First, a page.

stationed in Valdosta. In 1866 Samuel
founded the county's first real school, the Valdosta Institute. In
1867 the South Georgia Times predecessor to the
Valdosta Daily Times started publication. In 1869 fire in
the office of the Ordinary, W.
H. Dasher, destroyed
the records of the county. In 1869/ 1870 two fire companies were
established in Valdosta, the Patterson Fire Company (white) and the
Osceola Hook and Ladder Company (black). In 1875 a brick court house
was built on the Court House Block and was used until the present
court house was constructed in 1904-05. The Lowndes Volunteers, a
home guard militia group, was organized with uniforms modeled after
West Point in 1875. In 1885 a group of Episcopalians bought a lot and
erected a chapel on East Central Avenue. The town purchased the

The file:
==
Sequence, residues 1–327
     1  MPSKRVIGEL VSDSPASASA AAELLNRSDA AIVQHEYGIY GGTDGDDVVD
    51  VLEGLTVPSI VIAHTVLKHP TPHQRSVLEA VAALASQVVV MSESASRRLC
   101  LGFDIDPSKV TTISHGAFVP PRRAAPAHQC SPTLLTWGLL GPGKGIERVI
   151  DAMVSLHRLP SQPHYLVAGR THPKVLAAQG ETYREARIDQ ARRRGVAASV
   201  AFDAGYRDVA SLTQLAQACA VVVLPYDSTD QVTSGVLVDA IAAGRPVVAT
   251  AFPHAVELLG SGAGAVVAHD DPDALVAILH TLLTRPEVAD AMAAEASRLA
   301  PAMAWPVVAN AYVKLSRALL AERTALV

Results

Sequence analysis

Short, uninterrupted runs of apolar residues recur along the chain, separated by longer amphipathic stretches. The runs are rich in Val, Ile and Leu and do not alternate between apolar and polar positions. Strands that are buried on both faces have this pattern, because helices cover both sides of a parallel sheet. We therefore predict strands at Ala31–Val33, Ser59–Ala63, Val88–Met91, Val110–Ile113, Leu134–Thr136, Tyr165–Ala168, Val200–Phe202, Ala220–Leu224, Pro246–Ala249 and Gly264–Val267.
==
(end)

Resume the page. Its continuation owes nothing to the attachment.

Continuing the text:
private Valdosta Institute, thereby establishing a public school
system in 1885. In 1889 The Georgia Southern and Florida Railroad
arrived in Valdosta from the north, expanding trade and business
greatly. In 1890 the Valdosta Videttes, a voluntary military company
commanded by James
O. Varnedoe, drilled
on the public square between Ashley and Lee Streets. In 1895 The
Valdosta City Council authorized the erection of poles, wiring and
other equipment by the Southern Bell Telephone and Telegraph Company
and the Valdosta Telegraph Company. The Valdosta Street Railway
Company secured the right to operate street cars on Toombs,
Patterson, Ashley, Lee, Troup, Hill Central, Crane and Gordon Streets
in 1898. In 1899 the Valdosta Primitive Baptist Church was organized.
incorporated a cotton mill in August of 1899, opening with 5,000
spindles and 125 looms.
Contributed by: Wayne and Judy Dasher
Sources: First Impressions of Valdosta In 1863, By a Ten Year Old Civil War Refugee From Rome, Georgia by Mary Nathaniel Smith Wisenbaker; Pines and Pioneers by Jane Twitty Shelton; History of Lowndes County, Georgia, 1825-1941 published by General James Jackson Chapter, D. A. R.; A Pictorial History of Lowndes County, Georgia 1825-1975.